Editor’s note: Pending an FDA decision, 23andMe no longer offers new customers access to health reports referred to in this post. Customers who received their health information prior to November 22, 2013 will still be able to see their health reports, but those who purchased after that time will only have access to ancestry information as well as access to their uninterpreted raw data. These new customers may receive health reports in the future dependent on FDA marketing authorization.
Genetics plays a big role in the development of age-related macular degeneration (AMD), one of the leading causes of vision loss among older Americans. Luckily, there are ways to lower the risk through diet.
Recently the National Institutes of Health slightly changed its recommendations regarding a combination of vitamins and minerals recommended to protect against AMD. About two million Americans have advanced AMD and another eight million are at risk, according to the NIH.
Millions of Americans are already taking high daily doses of vitamins C and E, beta-carotene and the minerals zinc and copper. Earlier studies showed that that formula — known as the Age-Related Eye Disease Study (AREDS) formulation — could significantly cut the risk for AMD.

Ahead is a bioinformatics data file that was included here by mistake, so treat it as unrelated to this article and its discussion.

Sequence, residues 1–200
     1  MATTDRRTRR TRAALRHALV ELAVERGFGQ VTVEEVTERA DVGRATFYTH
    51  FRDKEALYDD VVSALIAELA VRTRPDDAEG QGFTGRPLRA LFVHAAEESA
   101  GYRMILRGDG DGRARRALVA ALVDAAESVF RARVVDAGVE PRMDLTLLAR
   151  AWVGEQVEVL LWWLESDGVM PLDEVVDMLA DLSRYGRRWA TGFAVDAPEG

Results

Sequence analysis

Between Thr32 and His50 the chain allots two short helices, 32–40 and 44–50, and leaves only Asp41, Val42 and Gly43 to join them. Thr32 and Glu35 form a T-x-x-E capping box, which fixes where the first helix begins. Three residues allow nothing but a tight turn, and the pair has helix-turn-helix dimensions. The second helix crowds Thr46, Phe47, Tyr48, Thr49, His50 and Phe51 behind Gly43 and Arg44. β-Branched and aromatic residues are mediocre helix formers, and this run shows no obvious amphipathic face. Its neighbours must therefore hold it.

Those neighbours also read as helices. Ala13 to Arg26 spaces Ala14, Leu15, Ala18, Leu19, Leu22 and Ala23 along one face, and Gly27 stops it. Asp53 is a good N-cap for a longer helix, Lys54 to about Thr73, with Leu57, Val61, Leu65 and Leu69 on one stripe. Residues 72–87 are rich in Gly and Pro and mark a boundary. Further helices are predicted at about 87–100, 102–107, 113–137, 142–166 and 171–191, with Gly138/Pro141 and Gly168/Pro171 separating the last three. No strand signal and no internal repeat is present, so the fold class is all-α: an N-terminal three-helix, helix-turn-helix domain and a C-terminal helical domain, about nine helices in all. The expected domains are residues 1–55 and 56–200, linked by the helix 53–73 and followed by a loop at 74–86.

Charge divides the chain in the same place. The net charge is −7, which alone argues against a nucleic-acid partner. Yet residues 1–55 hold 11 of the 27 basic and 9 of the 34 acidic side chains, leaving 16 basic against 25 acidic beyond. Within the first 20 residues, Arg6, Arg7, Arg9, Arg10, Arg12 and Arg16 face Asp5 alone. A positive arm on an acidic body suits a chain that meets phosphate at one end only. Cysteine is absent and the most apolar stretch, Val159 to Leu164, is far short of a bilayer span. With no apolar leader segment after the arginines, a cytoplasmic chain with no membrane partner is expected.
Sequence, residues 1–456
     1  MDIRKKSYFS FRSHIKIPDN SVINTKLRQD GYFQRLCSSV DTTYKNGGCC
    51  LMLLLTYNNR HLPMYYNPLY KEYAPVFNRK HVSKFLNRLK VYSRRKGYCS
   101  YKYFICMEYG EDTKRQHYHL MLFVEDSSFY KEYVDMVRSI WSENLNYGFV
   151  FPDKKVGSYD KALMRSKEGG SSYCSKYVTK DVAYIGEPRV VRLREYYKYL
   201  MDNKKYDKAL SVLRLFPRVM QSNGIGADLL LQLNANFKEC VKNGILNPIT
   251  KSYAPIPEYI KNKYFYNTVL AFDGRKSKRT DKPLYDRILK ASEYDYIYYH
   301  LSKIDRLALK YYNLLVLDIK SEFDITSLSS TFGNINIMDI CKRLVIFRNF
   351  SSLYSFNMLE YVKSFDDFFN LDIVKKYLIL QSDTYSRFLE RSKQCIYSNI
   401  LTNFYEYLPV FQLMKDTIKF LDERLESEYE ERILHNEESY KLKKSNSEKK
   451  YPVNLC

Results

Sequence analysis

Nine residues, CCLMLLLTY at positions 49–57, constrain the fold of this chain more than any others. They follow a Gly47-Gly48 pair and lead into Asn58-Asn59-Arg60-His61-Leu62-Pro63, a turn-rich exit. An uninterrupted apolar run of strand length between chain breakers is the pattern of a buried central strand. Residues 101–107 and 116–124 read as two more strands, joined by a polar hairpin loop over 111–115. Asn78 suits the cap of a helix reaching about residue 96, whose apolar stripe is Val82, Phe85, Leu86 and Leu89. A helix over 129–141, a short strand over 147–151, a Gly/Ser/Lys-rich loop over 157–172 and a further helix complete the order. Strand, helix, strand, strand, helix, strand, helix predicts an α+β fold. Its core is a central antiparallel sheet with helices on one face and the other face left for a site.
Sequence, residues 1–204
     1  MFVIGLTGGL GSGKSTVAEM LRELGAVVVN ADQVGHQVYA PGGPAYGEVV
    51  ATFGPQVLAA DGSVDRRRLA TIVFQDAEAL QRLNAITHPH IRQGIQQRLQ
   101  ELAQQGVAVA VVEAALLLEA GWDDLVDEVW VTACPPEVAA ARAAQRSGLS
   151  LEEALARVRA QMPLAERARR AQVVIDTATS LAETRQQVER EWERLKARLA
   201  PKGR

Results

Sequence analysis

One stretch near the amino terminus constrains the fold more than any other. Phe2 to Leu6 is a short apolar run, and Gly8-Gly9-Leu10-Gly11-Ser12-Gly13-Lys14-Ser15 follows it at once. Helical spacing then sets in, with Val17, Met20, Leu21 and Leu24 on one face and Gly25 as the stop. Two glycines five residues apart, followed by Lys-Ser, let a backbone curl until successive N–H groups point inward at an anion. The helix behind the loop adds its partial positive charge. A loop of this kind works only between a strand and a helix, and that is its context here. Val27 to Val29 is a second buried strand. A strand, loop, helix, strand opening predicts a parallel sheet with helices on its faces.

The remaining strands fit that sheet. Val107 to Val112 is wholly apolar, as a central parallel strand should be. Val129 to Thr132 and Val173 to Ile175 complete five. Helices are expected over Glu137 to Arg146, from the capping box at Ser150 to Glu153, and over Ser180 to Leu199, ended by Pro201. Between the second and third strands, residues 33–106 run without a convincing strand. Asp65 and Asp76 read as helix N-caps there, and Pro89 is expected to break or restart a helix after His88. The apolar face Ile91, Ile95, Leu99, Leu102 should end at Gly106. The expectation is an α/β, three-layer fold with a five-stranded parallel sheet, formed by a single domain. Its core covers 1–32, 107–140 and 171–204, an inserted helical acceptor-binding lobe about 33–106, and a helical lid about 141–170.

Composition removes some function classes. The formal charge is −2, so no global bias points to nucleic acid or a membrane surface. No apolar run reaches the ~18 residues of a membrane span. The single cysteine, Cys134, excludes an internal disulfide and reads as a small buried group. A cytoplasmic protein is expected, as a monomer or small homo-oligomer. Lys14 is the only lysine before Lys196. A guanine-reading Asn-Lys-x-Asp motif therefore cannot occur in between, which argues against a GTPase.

Now the NIH is recommending replacing the beta-carotene with the carotenoids lutein and zeaxanthin, both found in leafy greens such as kale, spinach and broccoli. This is based on a new study that found that making the change improved the protective power of the formula.
Looking at participants in the study, researchers found that the revised formula reduced the risk of AMD by about 18 percent compared to the previous formula. For those individuals who prior to the study didn’t get a lot of lutein and zeaxanthin in the diet, the change had an even greater beneficial effect, cutting the risk of AMD by as much as 25 percent.